Small piles of reddish or brown sawdust like frass appear at the base of the tree trunk. After winter rains, sap oozes through damaged areas, usually at ground level. The larva is a one inch white worm with a brown head. If you carefully dig into the bark at a hole, you can see them now. The Peachtree borer attacks mostly young trees of the peach, apricot, cherry, prunes, plums, almonds, many native and ornamental Prunus species. In June or July, use a spray of carbaryl, applied from the crotch down, and puddling at the base to soak into the soil.

Rose Basal Cane or Sucker?

It can be difficult for an novice rose grower to tell the difference between a basal cane and a sucker. They both shoot straight up with vigorous growth. The sucker comes from below the bud union (the bump just below where the rose starts to branch). The foliage, thorns, and growth are entirely different than the rest of the plant. It is usually longer and more willowy than a basal cane. Also it does not terminate in a bud. The sucker should be cut off at the point of origin. The basal cane originates at the bud union and all its characteristics are the same as the plant. This is the best wood on the plant and should be left on. It grows tall with a cluster of blooms at the top. It is best to pinch out the tip when it is about 18 inches long.

Rose Diseases

Several diseases can be common in our area. Blackspot is a fungus with circular black spots that appear on leaves. The leaf then turns yellow and drops off. Powdery Mildew is also a fungus that shows white powdery masses on the leaf, stem and bud, distorting and stunting them. Rust can cause the leaves to wilt and may drop off. The leaf top may have light green mottling with yellow dots. The underside has powdery rust-colored spores. A fungicide that can be made at home by combining 2-1/2 tablespoons of horticultural oil (Sunspray Ultra-Fine, Saf-T-Side, etc.) in a gallon of water and adding 4 teaspoons baking soda. Use a fine spray and apply to affected plants. This also controls foliar vegetable diseases. Some plants may show some sensitivity. More details at the Pest Note on Powdery Mildew.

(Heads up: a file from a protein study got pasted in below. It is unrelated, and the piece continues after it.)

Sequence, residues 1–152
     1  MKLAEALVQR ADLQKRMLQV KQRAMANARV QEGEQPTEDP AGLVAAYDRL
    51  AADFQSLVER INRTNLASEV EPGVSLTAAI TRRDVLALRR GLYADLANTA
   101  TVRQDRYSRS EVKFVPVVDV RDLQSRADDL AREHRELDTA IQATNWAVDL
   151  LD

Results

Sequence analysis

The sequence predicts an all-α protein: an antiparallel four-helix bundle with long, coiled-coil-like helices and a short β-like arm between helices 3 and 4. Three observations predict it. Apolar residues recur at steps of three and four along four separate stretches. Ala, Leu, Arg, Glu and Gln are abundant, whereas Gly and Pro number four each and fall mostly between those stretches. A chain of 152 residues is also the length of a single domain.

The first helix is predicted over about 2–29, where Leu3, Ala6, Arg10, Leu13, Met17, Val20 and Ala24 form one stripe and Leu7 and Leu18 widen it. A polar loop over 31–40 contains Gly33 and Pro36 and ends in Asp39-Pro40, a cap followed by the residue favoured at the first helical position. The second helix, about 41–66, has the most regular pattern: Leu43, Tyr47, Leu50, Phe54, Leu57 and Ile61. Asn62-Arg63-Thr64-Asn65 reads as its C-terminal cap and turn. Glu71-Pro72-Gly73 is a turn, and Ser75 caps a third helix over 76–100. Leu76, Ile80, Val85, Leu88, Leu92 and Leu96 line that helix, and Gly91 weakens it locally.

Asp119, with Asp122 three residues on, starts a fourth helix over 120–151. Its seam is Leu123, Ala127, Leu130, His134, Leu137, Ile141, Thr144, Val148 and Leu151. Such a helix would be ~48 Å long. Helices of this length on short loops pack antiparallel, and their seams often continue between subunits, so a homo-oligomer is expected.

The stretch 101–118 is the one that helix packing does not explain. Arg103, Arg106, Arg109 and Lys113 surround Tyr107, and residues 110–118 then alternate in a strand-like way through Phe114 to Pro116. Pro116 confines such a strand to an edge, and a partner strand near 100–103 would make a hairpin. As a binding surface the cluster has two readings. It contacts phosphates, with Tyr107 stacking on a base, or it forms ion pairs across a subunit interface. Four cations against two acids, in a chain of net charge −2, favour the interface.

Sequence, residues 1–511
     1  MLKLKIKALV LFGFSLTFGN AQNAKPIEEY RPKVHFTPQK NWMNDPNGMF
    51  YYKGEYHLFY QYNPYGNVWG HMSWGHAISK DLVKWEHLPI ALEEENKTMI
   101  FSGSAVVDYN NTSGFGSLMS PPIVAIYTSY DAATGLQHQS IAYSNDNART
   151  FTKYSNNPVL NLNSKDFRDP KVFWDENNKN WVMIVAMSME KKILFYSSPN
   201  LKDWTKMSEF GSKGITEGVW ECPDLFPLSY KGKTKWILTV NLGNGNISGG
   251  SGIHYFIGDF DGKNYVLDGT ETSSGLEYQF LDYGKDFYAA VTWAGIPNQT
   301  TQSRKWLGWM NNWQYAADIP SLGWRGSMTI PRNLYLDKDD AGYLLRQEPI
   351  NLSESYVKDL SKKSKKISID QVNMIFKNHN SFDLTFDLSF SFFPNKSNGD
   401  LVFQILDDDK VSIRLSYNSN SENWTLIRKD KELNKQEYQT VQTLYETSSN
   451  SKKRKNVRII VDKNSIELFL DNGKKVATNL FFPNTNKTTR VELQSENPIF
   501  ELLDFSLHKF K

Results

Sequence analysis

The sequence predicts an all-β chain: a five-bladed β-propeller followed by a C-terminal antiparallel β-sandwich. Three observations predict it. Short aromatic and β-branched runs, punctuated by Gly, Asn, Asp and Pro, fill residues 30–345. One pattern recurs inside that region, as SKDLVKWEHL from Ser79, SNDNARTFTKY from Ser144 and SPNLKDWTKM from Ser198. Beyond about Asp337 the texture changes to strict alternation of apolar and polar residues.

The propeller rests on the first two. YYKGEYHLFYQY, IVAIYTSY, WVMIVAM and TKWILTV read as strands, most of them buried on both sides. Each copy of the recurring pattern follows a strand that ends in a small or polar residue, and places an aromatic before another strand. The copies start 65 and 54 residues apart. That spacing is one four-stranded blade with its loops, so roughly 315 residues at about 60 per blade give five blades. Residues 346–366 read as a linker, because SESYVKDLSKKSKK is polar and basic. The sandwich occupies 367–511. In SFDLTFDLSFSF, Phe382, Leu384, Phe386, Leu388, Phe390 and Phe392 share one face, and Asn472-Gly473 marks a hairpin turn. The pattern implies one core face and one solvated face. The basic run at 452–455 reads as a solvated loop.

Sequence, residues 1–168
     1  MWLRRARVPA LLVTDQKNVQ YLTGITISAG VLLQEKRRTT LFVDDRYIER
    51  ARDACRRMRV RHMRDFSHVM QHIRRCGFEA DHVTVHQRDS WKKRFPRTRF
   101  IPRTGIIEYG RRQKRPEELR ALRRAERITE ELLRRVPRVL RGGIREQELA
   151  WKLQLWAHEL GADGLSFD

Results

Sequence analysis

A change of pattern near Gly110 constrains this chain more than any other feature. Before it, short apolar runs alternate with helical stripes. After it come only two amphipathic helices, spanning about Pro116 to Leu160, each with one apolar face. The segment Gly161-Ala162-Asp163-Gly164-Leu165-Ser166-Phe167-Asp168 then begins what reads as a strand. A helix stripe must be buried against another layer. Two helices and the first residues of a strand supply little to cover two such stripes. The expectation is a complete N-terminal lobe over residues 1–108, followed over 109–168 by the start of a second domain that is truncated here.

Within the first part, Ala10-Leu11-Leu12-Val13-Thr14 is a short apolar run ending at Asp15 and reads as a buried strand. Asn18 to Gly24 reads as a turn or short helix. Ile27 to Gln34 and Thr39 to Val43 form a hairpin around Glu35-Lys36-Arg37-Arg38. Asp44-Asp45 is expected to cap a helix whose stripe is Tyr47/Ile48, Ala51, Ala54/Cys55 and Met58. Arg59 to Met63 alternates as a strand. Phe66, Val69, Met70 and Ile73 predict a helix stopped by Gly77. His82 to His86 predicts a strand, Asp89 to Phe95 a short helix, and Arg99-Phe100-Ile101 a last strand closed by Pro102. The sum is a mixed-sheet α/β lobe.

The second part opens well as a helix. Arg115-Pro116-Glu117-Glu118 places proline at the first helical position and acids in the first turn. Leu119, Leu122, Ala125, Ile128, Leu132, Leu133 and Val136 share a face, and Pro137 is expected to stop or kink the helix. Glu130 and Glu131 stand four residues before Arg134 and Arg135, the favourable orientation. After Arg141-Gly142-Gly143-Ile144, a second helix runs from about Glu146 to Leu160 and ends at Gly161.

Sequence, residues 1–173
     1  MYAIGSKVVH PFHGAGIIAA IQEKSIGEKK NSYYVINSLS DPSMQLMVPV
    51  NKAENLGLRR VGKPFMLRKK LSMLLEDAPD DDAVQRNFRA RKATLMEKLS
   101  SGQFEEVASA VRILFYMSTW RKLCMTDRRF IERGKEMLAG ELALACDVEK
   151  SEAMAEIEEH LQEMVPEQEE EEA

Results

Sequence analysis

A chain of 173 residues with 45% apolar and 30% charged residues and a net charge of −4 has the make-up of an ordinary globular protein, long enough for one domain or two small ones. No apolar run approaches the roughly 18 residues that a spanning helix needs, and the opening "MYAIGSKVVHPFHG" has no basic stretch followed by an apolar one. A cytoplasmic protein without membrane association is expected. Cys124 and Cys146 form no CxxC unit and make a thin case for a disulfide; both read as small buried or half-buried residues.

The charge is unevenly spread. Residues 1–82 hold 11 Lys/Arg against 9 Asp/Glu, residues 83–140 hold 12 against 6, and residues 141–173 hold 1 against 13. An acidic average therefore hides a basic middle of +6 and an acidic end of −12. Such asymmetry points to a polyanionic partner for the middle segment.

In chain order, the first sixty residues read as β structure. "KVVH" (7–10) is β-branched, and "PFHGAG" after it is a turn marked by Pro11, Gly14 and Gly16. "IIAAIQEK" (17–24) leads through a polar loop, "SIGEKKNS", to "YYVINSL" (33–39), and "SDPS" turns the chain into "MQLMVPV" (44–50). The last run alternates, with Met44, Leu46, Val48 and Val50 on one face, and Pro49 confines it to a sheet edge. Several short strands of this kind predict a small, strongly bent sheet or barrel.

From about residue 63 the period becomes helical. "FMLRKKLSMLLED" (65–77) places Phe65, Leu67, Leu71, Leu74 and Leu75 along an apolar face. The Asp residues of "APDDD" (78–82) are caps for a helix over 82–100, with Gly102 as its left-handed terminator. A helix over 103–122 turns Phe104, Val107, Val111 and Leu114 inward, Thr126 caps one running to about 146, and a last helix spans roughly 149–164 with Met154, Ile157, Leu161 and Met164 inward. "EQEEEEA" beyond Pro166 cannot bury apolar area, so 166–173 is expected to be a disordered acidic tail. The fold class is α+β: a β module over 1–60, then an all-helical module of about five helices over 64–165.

Armored Scale Control

Armored scale insects are in the crawler stage in early summer. Armored scale has a hard stage that is very resistant to sprays. Control them during the crawler stage when they are soft and vulnerable. Spray with a horticultural (not dormant) oil, once a month for three months. See the Pest Note on Scale for important information about spraying.

Tomato Blossom End Rot

The brown depression on the bottom of the tomato can be caused by a lack of calcium in the soil or irregular watering. Use a balanced fertilizer according to the label and water consistently. Mulching the plant is also a good idea.

Vegetables Growing in Containers

Container grown vegetables can be decorative as well as good to eat. Almost any vegetable can be grown in a container if given the proper care. Eggplant, peppers, tomatoes, lettuce, onions, carrots, cucumbers and herbs do well. One of the biggest problems is that containers dry out very fast and nutrients wash away. Both are solvable. Do not use clay pots which dry out quickly. Plastic, composite or wooden half-barrels are good. Vegetables like a roomy container. There must be drainage holes in the bottom but it is not recommended that you put pebbles or broken crockery in the bottom. Use a good commercial potting mix, not planter or planting mix. Group the containers together so they will shade one another. The hot summer sun can heat the soil to unhealthy levels. Water whenever the soil is dry. You can test by digging your fingers into the dirt or using an inexpensive moisture meter. You may have to water more than once a day. A simple drip system is easy to install and will make your container garden almost foolproof. Add a timer, a patio chair, relax and enjoy. Fertilize every week with a water-soluble fertilizer.